In the Heal Collection at the St. Pancras Public Library is a watercolour drawing, made by W. Burden in 1801, which is described as the copy of a painting of the Manor House in 1743 (Plate 69). On the right is an Elizabethan building of three storeys with two prominent wings, between which is the entrance to the house. Over the central part is a curved gable; the wings have plain gables and bold panelled buttresses finishing in obelisks at the external angles. The windows appear to be of stone with mullions and transomes. On the left, recessed some distance, is an older two-storey building projecting at right angles from the Elizabethan range. From its gables, arched doorway and windows, and from the presence of a large pointed stone arch adjoining it, this building can be identified as the subject of an engraving in Londina Illustrata (see Plate 69) entitled "King John's Palace," the name given to a structure which is known to have stood on the Manor House site and which was pulled down early in the 19th-century. It seems clear from this that the Elizabethan range had disappeared before the drawing was made.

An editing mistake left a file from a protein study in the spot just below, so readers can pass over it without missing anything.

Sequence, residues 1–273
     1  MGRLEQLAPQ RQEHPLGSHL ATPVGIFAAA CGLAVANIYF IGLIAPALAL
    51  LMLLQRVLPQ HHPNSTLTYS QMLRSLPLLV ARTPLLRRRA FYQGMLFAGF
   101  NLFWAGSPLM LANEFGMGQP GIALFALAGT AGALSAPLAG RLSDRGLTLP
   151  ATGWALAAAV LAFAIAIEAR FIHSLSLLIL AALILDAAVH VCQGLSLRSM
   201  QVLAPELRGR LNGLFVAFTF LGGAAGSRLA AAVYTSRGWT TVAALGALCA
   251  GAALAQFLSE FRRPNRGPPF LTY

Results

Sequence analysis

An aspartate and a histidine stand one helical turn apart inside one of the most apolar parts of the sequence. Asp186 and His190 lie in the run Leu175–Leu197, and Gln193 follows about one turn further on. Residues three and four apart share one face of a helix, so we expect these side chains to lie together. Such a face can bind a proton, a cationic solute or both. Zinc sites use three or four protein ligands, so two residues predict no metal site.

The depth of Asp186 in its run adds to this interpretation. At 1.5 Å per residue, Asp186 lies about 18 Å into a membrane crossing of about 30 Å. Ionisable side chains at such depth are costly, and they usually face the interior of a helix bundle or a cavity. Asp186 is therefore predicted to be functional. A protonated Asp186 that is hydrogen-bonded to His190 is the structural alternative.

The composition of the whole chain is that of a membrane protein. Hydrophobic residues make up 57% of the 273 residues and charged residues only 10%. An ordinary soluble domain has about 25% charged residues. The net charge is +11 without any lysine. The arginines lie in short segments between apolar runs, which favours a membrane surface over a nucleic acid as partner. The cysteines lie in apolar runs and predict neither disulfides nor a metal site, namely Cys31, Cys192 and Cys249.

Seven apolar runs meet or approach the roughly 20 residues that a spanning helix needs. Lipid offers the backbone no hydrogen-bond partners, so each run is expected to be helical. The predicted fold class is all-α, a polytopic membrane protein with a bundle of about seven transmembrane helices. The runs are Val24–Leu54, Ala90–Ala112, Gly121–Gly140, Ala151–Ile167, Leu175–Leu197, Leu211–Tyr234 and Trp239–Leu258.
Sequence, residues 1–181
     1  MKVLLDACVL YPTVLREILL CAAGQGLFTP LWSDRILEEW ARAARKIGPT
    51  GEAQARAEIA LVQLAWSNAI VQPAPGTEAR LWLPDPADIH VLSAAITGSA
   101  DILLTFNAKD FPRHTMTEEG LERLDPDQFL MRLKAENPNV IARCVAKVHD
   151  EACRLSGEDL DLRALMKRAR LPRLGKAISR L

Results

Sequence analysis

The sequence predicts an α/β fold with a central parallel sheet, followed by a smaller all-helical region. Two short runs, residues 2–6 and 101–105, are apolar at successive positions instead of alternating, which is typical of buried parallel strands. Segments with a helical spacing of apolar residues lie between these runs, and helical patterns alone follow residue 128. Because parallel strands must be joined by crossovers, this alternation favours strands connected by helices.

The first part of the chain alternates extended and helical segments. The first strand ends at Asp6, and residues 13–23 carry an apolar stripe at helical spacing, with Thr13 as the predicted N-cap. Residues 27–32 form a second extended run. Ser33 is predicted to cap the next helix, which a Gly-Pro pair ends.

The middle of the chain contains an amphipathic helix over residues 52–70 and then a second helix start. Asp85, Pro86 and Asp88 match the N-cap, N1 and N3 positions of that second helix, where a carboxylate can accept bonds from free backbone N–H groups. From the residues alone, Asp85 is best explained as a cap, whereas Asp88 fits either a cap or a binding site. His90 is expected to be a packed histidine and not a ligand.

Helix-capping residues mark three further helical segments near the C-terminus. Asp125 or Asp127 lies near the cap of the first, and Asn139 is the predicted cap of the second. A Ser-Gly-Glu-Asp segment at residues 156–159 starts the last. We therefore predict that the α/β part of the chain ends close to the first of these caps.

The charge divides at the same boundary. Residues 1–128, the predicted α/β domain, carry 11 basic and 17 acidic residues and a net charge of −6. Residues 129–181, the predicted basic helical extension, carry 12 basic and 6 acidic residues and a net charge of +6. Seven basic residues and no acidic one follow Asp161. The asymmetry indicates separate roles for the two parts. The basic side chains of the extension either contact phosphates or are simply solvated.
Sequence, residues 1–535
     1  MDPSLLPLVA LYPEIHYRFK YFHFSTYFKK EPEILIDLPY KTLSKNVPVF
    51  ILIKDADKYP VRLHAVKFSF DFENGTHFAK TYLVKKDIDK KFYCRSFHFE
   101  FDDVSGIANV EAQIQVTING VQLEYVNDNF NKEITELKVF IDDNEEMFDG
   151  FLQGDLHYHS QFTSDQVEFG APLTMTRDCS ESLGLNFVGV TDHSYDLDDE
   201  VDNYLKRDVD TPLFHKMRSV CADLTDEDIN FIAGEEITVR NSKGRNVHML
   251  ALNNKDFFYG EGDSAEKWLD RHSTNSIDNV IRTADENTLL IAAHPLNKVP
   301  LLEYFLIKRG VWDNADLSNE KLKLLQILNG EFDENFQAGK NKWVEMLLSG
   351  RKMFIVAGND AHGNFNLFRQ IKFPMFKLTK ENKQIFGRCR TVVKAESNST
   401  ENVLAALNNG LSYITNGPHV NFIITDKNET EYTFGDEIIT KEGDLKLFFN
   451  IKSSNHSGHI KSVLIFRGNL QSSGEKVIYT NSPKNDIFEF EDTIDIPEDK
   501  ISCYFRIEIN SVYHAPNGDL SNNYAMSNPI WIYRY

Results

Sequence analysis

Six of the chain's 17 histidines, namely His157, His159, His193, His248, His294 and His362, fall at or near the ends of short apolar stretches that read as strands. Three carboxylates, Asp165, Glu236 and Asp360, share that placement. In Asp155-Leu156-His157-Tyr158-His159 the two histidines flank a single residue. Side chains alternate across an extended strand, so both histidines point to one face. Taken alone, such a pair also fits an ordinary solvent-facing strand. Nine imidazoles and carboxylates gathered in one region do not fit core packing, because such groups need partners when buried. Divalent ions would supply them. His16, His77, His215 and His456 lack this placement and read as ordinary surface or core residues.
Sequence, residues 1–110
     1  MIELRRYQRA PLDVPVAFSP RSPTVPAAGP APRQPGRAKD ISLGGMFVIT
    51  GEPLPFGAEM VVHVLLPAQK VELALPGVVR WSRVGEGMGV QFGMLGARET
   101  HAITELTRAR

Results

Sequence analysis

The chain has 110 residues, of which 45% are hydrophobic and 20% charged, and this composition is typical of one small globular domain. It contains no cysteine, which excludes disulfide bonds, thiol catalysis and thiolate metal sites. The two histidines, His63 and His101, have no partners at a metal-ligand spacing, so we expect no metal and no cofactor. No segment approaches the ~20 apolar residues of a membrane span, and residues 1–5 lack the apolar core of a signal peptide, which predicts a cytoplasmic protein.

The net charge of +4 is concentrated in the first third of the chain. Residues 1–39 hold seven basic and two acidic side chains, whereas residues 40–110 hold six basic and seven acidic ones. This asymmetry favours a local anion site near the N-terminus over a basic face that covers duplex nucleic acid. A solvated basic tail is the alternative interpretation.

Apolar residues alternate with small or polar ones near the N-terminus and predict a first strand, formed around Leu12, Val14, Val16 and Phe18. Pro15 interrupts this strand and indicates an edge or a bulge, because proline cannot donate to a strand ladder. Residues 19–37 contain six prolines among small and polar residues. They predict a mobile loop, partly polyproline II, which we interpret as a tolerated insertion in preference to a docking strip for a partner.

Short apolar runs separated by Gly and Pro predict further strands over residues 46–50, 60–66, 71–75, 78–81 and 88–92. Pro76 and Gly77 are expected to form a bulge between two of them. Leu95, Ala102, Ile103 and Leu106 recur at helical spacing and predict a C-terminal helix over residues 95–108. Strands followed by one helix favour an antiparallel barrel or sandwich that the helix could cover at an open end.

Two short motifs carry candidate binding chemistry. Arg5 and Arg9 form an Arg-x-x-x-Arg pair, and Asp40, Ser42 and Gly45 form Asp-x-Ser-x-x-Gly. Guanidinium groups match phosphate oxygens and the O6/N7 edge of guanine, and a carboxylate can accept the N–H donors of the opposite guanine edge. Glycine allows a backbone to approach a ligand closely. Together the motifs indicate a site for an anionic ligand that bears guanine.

We have, therefore, two views of separate parts of the Manor House on which we can place some reliance. There is no clue to the aspect of either of these views and Necton's little conventional representation of the house does not help in this respect. The block of building shown by Rocque in his map of 1745, which includes the King's Head Public House, (fn. *) is too near the road to be the Manor House.

The general lay-out is indicated pretty clearly by Necton in 1591. The site of house, court, orchard, garden and Pond Close occupied about 7 acres. The house stands in the northern part of a rectangular enclosure, no doubt the moated area of 1½ acres of the 1649 survey, leaving a court to the south approached by a gatehouse on its southern boundary. The garden lay to the east and the orchard to the north and west, so that the house was centrally placed and well protected. South of the gatehouse an outer court is shown stretching from the road on the west to the extreme boundary on the east. South of this again is the Pond Close which can be recognized in the enclosure with its pond shown on Rocque's Map. The site of the later Euston Road is roughly that of the outer or entrance court. It is perhaps worth noting that, if Necton's sketch is even approximately correct, the Manor House showed the normal Elizabethan practice of making the entrance to the south and the principal rooms facing north.

The large pond to the north of the Manor House site, shown in Rocque's Map, does not appear on Necton's plan and it was outside the grounds of the house. It was later converted into a reservoir of the New River Company and is so shown on Davies' Map of St. Marylebone, etc. (1834). Tolmer Square now covers the site.

Footnotes

* This inn is shown in Hogarths' March of the Guards to Finchley (Plate 71).

References

115. Cited in Survey of London, St. Pancras, Pt. II, p. 14.